Introduced in 1978, the 8086 was the Intel CPU chip that defined the base architecture of the x86 family. Although the 8086 was used in some PCs, its 8088 brother was the one chosen for the first IBM PC (see 8088
). See x86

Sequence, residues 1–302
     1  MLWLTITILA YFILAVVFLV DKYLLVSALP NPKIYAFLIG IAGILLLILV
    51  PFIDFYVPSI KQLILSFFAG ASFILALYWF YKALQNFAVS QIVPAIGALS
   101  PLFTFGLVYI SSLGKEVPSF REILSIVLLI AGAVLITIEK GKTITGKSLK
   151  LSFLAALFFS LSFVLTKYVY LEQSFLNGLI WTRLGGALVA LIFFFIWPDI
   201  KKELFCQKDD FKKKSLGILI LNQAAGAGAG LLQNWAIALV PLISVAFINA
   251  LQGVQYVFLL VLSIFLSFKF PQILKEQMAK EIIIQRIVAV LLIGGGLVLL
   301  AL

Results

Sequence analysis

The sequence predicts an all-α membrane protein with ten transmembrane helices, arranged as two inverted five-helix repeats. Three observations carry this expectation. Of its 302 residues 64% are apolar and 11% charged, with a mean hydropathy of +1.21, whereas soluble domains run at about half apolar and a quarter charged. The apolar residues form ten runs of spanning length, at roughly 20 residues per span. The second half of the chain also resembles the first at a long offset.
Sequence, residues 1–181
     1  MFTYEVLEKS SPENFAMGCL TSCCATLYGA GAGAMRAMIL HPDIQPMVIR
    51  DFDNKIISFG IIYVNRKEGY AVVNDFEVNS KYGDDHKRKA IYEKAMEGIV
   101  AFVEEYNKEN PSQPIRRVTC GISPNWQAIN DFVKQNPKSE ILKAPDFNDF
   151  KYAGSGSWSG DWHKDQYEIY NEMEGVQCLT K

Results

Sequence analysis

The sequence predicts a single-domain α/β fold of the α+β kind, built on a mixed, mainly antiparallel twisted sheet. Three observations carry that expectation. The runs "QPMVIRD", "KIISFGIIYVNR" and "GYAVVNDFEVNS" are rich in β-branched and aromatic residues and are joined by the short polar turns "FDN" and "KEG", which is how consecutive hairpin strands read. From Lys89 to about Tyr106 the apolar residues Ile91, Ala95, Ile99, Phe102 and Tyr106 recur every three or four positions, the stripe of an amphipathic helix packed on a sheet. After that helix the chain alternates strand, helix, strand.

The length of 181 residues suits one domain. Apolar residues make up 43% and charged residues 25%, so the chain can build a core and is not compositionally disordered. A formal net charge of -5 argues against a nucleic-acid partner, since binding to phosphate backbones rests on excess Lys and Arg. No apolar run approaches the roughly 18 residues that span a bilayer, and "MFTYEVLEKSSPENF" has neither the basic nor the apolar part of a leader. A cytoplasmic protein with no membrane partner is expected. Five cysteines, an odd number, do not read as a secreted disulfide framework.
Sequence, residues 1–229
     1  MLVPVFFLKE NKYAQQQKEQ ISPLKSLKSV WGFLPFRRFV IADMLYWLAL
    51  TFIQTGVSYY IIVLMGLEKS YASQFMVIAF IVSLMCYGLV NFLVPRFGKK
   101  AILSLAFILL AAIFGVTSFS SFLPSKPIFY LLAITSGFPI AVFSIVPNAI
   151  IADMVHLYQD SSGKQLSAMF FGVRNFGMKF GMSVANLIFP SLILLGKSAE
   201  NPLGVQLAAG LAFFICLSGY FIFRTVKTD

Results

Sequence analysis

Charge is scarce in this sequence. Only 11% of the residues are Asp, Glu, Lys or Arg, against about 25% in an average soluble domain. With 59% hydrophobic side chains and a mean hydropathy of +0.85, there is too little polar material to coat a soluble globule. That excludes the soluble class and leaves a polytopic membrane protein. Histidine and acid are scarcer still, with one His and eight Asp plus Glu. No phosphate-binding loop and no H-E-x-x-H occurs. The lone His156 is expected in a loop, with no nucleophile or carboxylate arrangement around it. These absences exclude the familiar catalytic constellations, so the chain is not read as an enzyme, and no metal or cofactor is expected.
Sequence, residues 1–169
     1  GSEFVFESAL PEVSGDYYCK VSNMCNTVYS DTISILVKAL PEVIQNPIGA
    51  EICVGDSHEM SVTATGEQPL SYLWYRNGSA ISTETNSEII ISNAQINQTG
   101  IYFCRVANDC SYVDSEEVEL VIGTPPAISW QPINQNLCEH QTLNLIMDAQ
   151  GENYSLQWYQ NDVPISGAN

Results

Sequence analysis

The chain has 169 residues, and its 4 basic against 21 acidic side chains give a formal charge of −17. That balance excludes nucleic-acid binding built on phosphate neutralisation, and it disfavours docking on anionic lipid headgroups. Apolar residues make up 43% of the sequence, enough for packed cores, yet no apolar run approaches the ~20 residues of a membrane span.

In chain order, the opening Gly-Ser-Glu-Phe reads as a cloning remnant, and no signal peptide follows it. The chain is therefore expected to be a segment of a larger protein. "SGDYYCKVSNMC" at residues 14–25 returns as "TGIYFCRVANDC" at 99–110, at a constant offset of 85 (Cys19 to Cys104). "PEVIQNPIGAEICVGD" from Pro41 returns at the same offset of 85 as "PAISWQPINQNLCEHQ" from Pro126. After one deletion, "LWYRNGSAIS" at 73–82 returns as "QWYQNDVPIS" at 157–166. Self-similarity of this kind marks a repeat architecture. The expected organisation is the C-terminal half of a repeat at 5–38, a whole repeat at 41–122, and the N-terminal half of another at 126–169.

The 8086 was a 16-bit CPU with fourteen 16-bit registers and 29,000 transistors in a 40-pin CERDIP package. Its addressing mode, later called "Real Mode," addressed 1MB of memory. The 8086 data bus was 16 bits.